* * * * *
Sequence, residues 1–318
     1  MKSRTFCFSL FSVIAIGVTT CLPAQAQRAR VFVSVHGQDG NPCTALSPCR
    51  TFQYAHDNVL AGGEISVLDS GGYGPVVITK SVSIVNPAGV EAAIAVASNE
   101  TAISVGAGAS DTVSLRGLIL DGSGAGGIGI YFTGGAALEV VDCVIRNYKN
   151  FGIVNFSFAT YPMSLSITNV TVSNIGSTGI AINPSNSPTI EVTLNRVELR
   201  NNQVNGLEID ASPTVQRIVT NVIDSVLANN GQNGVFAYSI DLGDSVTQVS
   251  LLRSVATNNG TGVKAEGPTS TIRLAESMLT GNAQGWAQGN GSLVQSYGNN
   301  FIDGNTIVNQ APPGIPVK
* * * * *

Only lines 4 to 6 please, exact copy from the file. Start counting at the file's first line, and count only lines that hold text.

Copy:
   101  TAISVGAGAS DTVSLRGLIL DGSGAGGIGI YFTGGAALEV VDCVIRNYKN
   151  FGIVNFSFAT YPMSLSITNV TVSNIGSTGI AINPSNSPTI EVTLNRVELR
   201  NNQVNGLEID ASPTVQRIVT NVIDSVLANN GQNGVFAYSI DLGDSVTQVS